After it was written, however, I was informed that they had reduced the length available to Community Advisory Board members from 750 words down to about 670 words. I cut the piece down to 668 words and re-submitted it. Apparently they had other space problems and cut it by about another fifty words before publishing it. I defend their right to do so, but I wish they had asked me to do it, because I felt that, stylistically, the final published product was way too choppy and left out a couple of key references (I would never, for example, have introduced "Perot and Nader" into a column without characterizing them as "Ross Perot and Ralph Nader"--that's just poor form).
So for masochists and purists, here's the original 750-word version. If you didn't like my argument, you still won't, but at least it reads a little better IMHO:
Last week witnessed two important events in Delaware political life: frenzied primaries and the Jewish Federation’s debate for statewide candidates.
The primaries re-emphasized that we have become a one-party state. Undoubtedly, about 4,000 primary voters elected the next mayor of Wilmington, and a slim plurality guaranteed re-election of an Insurance Commissioner disavowed by her own party. Statewide Republican candidates now consider themselves successful if they achieve 40% of the vote, and the GOP has fielded too few candidates to have any realistic chance to recapture either house of the General Assembly.
That’s why the Jewish Federation debate represented a breath of fresh air against the stale, backroom cigar smoke of “the Delaware Way.” Initially, JFD refused to allow anyone not running as a Democratic or Republican into the event. (It is never explicitly stated that way in debate requirements, but is clearly understood nonetheless.) Thankfully, responding to requests from both the Green and Libertarian parties, JFD reversed course, inviting all ballot-qualified candidates to participate.
Expanding the field is very much in the interests of democracy and good government in Delaware. Our three “alternative” parties—the Independent Party of Delaware, Greens, and Libertarians—are each offering important candidates with messages.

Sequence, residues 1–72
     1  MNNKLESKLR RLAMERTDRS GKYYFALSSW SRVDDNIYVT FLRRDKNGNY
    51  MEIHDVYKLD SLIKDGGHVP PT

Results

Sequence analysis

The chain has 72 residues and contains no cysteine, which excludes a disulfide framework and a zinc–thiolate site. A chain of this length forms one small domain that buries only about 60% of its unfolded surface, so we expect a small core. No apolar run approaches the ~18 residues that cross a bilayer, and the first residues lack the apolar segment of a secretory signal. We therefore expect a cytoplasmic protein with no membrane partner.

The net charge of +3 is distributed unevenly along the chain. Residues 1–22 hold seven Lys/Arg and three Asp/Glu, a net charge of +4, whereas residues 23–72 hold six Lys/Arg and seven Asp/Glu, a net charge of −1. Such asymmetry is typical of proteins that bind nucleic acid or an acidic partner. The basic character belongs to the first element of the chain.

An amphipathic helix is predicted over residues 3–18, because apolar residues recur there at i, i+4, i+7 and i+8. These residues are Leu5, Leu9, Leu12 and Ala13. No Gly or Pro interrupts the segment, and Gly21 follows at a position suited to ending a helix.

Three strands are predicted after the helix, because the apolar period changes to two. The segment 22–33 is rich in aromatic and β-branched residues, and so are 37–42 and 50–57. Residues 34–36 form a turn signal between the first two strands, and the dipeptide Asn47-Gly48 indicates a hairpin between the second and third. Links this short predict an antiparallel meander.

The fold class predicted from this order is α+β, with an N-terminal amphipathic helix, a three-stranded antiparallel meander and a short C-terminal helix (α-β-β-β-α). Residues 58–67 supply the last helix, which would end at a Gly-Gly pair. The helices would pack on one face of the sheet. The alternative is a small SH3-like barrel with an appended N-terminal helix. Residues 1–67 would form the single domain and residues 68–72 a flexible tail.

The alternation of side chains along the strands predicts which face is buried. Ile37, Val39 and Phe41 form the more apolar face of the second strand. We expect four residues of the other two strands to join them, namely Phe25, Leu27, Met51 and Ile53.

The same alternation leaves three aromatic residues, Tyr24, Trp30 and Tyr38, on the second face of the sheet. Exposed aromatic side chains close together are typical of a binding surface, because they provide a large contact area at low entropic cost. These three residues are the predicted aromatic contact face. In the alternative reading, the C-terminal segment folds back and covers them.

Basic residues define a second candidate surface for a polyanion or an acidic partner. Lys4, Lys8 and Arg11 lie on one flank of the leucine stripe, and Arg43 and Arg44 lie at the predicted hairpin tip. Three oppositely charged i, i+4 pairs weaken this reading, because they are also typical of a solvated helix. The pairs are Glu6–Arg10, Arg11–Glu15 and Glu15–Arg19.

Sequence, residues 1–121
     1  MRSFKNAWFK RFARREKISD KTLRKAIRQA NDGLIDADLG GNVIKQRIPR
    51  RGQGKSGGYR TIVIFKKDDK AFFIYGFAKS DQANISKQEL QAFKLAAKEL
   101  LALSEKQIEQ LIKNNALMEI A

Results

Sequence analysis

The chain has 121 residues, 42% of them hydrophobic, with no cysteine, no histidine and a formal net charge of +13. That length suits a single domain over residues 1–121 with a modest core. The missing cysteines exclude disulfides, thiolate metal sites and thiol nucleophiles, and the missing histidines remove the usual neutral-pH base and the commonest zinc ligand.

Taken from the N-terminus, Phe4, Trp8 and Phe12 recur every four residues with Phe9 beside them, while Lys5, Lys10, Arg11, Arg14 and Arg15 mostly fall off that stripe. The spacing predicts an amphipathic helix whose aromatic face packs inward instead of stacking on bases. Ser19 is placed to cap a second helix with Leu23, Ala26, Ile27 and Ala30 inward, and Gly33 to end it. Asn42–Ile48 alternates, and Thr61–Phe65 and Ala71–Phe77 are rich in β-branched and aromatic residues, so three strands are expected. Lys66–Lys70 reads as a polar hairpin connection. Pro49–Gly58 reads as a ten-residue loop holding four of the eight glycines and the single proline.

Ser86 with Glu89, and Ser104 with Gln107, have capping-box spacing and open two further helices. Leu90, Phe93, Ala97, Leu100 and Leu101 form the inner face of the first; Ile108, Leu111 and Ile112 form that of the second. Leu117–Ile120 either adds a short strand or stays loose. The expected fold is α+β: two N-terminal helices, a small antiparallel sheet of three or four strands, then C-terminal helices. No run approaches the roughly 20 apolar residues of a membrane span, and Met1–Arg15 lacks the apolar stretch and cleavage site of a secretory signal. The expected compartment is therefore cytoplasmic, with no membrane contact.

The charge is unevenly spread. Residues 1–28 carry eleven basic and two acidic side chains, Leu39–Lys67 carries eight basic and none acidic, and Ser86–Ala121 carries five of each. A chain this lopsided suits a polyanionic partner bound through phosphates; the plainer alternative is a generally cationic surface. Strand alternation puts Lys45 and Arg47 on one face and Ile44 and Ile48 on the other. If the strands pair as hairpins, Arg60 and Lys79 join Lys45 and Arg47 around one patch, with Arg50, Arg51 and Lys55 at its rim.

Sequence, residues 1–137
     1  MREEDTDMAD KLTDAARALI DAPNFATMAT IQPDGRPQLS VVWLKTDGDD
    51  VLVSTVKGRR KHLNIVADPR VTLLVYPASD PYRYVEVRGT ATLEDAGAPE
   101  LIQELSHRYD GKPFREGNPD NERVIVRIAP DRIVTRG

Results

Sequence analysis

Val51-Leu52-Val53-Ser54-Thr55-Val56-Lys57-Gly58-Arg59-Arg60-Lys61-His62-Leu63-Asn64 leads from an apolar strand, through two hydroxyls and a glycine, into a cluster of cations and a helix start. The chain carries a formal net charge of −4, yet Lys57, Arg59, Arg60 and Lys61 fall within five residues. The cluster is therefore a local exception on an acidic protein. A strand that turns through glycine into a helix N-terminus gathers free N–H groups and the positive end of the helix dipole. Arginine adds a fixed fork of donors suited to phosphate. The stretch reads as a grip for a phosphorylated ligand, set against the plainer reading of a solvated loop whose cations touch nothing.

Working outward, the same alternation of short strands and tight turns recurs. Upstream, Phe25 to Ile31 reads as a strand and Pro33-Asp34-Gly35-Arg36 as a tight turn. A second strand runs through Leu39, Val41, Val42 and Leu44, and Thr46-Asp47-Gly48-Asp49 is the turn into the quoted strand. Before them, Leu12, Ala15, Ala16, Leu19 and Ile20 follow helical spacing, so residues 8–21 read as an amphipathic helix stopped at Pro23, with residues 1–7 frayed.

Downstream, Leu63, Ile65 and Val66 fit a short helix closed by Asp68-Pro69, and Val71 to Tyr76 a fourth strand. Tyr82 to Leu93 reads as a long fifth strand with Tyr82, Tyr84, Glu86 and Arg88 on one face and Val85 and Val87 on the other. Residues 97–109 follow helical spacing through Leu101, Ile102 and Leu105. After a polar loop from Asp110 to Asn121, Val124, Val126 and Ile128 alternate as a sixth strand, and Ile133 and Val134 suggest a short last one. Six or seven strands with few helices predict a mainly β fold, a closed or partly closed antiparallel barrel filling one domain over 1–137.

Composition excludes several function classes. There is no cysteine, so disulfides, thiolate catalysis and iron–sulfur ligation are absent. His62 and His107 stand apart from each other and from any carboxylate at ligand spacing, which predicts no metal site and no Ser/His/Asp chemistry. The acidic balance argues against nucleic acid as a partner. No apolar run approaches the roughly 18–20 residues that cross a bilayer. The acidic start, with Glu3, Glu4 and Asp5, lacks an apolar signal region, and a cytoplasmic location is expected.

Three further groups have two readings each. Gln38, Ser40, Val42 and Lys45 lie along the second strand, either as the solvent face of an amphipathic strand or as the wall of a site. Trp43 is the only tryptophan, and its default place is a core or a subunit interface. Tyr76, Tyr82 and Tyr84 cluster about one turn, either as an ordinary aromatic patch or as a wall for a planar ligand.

IPOD US Senate nominee Alex Pires is a fiery entrepreneur and banker from Sussex County. His impassioned rhetoric about corruption in Washington and the incumbent’s health sometimes overshadows his erudite and on-target analysis of government failures in the banking crisis.
Andrew Groff, the Green US Senate nominee, is an educator and small businessman, motivated to run by his experiences with Occupy Delaware. He is the only candidate talking about environmental issues and advocating national single-payer healthcare.
Libertarian Scott Gesty, running for the US House, is a Certified Public Account for a major transnational bank. His critique of our national budget crisis is devastating. He is also the only candidate discussing the need to scale back the anti-teacher provisions in Race to the Top.
These voices need to be heard. Left to their own devices, Democratic and Republican hopefuls continually rehash the same sterile, ideological positions that have deadlocked the American political system for years.
Absent millions of dollars in corporate donations available to professional politicians to annoy you with endless commercials, the only chance these candidates have to break through is at events like the JFD debate. Unfortunately, they won’t be offered many more such opportunities.
The major statewide candidate debates of the season take place on October 16-17, sponsored by the University of Delaware’s Center for Political Communication and Delaware First Media. Implementing provisions created a decade ago by the Pew Foundation to keep third-party candidates like Ross Perot and Ralph Nader out of presidential debates, UD and DFM have made it politely clear that third-party candidates need not bother trying to be included.
Haven’t raised over $120,000 from over 800 people donating at least $50 to your campaign? Haven’t spent thousands of dollars for a poll showing that you have the support of 10% of the voters? Your party didn’t receive 40,000 votes in the last election? According to debate coordinators Ralph Begleiter and Micheline Boudreau, this means you do not deserve a place on the stage.
Ironically, Mr. Begleiter cites “the national rules for inclusion” as his defense for eliminating third-party candidates, while ignoring important findings in the original Pew document. Pew researchers discovered that 53% of voters wanted third-party candidates always included in debates, a sentiment shared by 59% of independents and 61% of voter under thirty. In follow-up surveys in Virginia and New Jersey, voters confirmed they wanted to hear from all ballot-qualified candidates.
So why did the Pew Debate Project recommend inclusion barriers virtually eliminating third-party candidates?
The answer is simple: the Debate Project was a reaction to influential independent candidacies like those of Perot and Nader, who Democrats and Republicans saw as “spoilers” siphoning off votes from their candidates. The premise is that there are no legitimate candidates except Republicans and Democrats, and your vote belongs to one party or the other.
This is certainly the position held by Senator Tom Carper and Congressman John Carney, who both sit on the Advisory Committee of UD’s Center Political Communication that co-sponsors the debates at which they will be isolated from alternative candidates.
While Libertarians, Greens, and Independents have their own policy differences, all would agree on two principles. First, your vote belongs to you, not any political party. Second, democracy is best served by an inclusive process that allows all ballot-qualified candidates to be heard.